Police found a pair of eyeglasses near the scene but had little other evidence. They believe that the sounds of gunshots were drowned out by the sounds of low-flying jets. They did not believe that Julie's murder was related to the counterfeiting operation that they were investigating. They believe that the crime was most likely a robbery gone wrong. However, no suspects have been identified.
Suspects: Two African-American men were responsible for the shooting of Julie Cross and Lloyd Bulman. One of the men was about 6'2" while the other was 5'10". Both weighed between 180 and 190 pounds. The driver was described as neatly groomed with a moustache. The passenger was wearing a stocking cap and leather jacket. Neither have been identified.
They were seen driving a large, brown, 1970-1972 Buick or Pontiac two-door car with a light colored roof and rust spots on the body. The driver was carrying a .38-caliber revolver with him.
Missing from the agents' vehicle were two weapons: a Smith and Wesson .357 Magnum revolver, serial number 8K64150; and a shotgun, Remington model 87, serial number T151476V, inscribed "for law enforcement only".
Extra Notes: This segment originally aired on the May 3, 1989 episode of Unsolved Mysteries. It was excluded from Amazon Prime episodes.
Julie was the first female secret service agent to be killed in the line of duty since the agency was established in 1865.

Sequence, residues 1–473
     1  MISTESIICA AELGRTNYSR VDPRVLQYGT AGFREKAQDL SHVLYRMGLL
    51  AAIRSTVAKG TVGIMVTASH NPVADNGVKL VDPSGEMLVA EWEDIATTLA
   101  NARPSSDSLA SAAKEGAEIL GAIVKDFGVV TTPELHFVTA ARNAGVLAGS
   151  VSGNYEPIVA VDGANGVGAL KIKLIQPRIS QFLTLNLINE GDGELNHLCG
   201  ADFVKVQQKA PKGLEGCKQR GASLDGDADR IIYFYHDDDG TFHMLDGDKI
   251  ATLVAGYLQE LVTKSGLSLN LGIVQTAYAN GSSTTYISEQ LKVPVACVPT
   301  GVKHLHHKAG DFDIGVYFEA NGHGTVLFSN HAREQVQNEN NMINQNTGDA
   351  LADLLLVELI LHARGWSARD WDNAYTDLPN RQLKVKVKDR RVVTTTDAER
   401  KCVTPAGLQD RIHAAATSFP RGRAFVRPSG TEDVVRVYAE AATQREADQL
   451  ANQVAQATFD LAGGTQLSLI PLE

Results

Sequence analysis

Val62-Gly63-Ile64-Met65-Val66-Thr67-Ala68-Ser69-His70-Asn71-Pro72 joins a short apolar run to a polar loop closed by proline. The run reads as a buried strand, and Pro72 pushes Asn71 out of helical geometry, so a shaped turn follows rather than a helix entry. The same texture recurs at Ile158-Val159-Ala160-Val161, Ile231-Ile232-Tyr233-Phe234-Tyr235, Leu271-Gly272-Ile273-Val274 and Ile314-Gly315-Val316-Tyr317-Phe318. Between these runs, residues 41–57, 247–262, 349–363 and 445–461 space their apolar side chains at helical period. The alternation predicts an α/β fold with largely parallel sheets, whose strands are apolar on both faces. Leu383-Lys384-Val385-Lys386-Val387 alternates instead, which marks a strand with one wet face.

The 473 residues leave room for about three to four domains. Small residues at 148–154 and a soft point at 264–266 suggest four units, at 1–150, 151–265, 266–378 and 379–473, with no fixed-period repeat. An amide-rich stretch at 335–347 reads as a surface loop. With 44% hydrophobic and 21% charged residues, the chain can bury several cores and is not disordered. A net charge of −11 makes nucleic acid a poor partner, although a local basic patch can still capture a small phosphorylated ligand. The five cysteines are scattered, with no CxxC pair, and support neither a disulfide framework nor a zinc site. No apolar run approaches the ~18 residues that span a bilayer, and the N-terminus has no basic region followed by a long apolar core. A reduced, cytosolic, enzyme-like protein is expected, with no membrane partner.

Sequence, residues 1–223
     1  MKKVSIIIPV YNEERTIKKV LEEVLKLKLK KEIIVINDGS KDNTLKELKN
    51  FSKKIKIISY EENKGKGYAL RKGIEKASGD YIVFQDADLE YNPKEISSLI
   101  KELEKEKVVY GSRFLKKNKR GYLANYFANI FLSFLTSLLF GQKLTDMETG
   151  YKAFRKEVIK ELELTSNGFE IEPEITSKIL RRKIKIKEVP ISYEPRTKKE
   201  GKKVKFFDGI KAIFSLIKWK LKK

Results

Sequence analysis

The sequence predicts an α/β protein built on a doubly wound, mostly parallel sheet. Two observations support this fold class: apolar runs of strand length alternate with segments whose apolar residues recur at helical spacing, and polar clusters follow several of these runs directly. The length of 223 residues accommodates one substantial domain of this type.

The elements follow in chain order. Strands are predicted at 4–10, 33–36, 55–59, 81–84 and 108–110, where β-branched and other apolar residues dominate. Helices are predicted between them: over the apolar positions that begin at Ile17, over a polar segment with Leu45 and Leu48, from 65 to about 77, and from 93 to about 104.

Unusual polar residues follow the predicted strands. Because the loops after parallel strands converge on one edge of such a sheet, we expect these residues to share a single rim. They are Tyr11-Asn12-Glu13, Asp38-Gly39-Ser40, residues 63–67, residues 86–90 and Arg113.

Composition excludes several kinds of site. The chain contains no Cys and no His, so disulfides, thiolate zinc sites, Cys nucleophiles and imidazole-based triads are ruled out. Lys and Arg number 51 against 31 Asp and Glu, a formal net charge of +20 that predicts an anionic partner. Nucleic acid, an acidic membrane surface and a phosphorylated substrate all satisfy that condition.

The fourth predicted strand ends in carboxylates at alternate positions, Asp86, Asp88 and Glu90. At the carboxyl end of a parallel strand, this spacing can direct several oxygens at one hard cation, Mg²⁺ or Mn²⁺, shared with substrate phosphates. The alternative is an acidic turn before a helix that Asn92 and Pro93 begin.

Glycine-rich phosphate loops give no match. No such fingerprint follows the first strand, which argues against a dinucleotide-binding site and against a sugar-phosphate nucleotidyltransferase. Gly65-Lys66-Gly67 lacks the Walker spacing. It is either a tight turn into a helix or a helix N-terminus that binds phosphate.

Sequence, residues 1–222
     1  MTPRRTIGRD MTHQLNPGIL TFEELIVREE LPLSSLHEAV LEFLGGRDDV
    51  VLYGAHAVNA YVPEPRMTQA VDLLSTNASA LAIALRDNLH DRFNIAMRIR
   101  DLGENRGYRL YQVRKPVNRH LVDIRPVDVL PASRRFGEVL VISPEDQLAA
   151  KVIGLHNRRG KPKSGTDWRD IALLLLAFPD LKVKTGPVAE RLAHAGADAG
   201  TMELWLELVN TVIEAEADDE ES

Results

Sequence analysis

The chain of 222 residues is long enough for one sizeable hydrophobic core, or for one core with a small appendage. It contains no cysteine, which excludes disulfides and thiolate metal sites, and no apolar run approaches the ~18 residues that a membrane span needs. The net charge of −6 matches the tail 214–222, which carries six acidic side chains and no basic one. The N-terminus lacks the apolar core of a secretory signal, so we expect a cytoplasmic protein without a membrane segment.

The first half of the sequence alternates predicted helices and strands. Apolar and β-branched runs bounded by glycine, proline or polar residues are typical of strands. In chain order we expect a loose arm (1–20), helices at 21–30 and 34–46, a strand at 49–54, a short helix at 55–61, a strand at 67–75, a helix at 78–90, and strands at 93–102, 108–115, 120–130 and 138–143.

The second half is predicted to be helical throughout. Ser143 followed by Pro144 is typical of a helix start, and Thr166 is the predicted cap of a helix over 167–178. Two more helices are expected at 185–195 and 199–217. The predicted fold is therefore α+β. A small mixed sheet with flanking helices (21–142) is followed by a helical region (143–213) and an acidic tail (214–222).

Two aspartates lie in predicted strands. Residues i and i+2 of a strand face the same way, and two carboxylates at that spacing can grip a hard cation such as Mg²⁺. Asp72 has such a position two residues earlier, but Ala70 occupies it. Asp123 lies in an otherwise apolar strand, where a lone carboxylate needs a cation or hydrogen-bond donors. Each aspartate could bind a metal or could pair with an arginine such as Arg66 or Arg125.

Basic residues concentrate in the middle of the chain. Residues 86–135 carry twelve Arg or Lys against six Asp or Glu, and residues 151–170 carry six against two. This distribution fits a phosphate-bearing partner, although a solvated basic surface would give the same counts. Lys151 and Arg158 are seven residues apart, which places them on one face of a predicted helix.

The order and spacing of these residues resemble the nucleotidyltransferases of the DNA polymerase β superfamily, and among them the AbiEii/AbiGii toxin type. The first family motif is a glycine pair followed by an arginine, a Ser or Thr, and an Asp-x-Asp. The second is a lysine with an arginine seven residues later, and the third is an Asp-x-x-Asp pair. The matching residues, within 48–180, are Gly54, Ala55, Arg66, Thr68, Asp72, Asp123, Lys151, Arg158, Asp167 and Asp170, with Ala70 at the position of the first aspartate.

Results: Solved. Twelve years after the murder, Andre Steven Alexander was arrested for the 1978 triple murder of a counterfeit printer, the counterfeit printer's girlfriend, and another man in Palms, California. Detective Richard "Buck" Henry recognized Alexander, a former classmate of his, as matching the composite of the passenger in Julie's case. Alexander was convicted in the triple murder and was charged with Julie's murder in 1992.
When authorities searched Alexander's parent's home, they found a leather jacket and a knit cap in his closet. The jacket and cap matched what was worn by the passenger; traces of blood were also found on the jacket. Several witnesses, including his girlfriend at the time and two co-workers, testified that Alexander wore glasses identical to those found at the crime scene. Specifically, his optometrist noted that he had glasses to correct nearsightedness; the glasses at the scene were made for that purpose.